Stephen Simblet of the Garden Court Inquests and Inquiries team represented the family. He was instructed by Sophie Naftalin and Anastasia Solopova of Bhatt Murphy.
The legal team representing the family are all members of INQUEST Lawyers Group.
The inquest into the death of Carl Maynard, 29, who collapsed and died in Tonbridge Police Station on 13 October 2017, concluded yesterday afternoon with a critical narrative conclusion. The inquest jury found that "failing to take Carl directly to hospital" represented a "missed opportunity to increase Carl’s chance of survival". They also rejected the Kent Police officers’ initial justifications for entering his property, which did not meet the legal standards required. The cause of death was found to be acute cocaine intoxication.
The inquest heard that on 1 October 2017 an allegation of domestic common assault was made against Carl. During the afternoon of 13 October 2017, three Kent Police officers attended Carl’s property and a decision was made to force entry to arrest him. The inquest was told that the justification for entering the property must be pursuant to section 17 of the Police and Criminal Evidence Act (1984), which authorises entry for the purpose of arresting for an indictable offence or to 'save life and limb'.
Evidence was heard that, on arrest, Carl was seen by an officer pushing two fingers down his throat and gagging. Despite being repeatedly questioned by the officers as to whether he had ‘taken’ anything, both Carl and his partner denied that he had swallowed drugs and he was taken to custody. At 4.23 pm he collapsed in the fingerprint room and revival attempts were unsuccessful. The pathologist found an empty plastic bag within his stomach and concluded that he had died from acute cocaine intoxication.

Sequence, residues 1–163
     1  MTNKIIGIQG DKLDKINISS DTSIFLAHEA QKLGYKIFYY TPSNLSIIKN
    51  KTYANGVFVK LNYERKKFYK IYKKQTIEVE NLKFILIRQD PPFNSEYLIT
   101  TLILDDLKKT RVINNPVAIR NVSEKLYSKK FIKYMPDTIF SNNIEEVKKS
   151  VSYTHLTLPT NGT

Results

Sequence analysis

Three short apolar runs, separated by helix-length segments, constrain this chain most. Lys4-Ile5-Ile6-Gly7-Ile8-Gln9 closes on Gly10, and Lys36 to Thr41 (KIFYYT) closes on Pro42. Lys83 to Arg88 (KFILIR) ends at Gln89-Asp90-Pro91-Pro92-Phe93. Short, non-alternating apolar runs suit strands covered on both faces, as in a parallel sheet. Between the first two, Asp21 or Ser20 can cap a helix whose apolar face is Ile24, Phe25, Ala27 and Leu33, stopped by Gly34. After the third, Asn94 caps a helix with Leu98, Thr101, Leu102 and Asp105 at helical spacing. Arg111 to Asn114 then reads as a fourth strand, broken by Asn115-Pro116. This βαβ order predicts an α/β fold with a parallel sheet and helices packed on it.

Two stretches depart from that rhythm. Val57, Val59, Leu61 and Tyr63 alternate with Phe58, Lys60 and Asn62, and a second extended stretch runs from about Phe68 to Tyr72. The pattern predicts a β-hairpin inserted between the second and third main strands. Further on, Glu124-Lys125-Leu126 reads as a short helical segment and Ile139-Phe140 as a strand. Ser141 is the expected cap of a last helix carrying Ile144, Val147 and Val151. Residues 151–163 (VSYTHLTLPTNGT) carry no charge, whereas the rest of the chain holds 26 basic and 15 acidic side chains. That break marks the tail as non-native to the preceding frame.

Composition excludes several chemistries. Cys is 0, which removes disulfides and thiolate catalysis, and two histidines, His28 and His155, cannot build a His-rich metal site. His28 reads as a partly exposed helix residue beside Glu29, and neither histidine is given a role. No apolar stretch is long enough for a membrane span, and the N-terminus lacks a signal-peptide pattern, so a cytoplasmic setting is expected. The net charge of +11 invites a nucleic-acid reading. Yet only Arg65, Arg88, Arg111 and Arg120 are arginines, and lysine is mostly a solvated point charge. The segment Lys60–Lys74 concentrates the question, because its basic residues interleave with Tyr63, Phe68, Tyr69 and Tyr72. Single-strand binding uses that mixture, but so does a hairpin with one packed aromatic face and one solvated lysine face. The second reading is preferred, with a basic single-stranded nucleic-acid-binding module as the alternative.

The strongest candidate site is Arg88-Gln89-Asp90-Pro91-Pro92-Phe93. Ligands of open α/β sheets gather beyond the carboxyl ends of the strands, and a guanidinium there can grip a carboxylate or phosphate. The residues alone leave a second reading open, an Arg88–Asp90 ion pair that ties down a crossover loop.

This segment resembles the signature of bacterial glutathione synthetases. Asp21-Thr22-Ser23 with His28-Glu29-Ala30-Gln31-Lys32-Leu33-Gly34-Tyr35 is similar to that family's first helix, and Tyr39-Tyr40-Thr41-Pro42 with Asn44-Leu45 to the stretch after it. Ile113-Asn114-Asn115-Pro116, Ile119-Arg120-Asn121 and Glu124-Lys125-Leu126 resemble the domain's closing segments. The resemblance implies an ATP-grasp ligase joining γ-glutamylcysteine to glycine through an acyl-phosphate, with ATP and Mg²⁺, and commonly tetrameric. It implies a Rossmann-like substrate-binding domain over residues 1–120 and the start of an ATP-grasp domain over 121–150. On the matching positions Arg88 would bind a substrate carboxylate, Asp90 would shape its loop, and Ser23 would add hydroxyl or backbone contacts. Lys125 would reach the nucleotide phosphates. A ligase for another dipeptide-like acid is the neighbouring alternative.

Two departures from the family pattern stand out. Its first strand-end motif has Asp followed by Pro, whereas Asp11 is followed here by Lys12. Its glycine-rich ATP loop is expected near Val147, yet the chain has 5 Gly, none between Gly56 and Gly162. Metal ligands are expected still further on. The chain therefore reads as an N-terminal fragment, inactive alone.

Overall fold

Returning a narrative verdict, the jury rejected the officers’ justification for entering the property as Carl was arrested for common assault, which is not an indictable offence, and there was no evidence that his partner was at risk at the time. They also concluded that:
“…the arresting officers were plainly suspicious that Carl Maynard had swallowed something and told Carl that they would have taken him to hospital if he had but then accepted his account that he had not swallowed anything, did not seek medical treatment and took Carl to Tonbridge Police Station. The possibility of successful medical treatment was highly unlikely, however the chances of Carl’s survival would have been higher in a hospital rather than police custody. Failing to take Carl directly to hospital… represents a missed opportunity to increase Carl’s chance of survival”.
Kent Police’s policy at the time of Carl’s death was that officers who may suspect a detainee of having swallowed a substance should inform the custody sergeant, and take them to hospital if necessary. During the course of their investigation, the Independent Office for Police Conduct (then under the name IPCC) took the unusual step of issuing a learning recommendation to Kent Police before their report was completed. Kent Police therefore changed their policy shortly after Carl’s death to ensure that anyone suspected of swallowing a substance should be taken directly to hospital.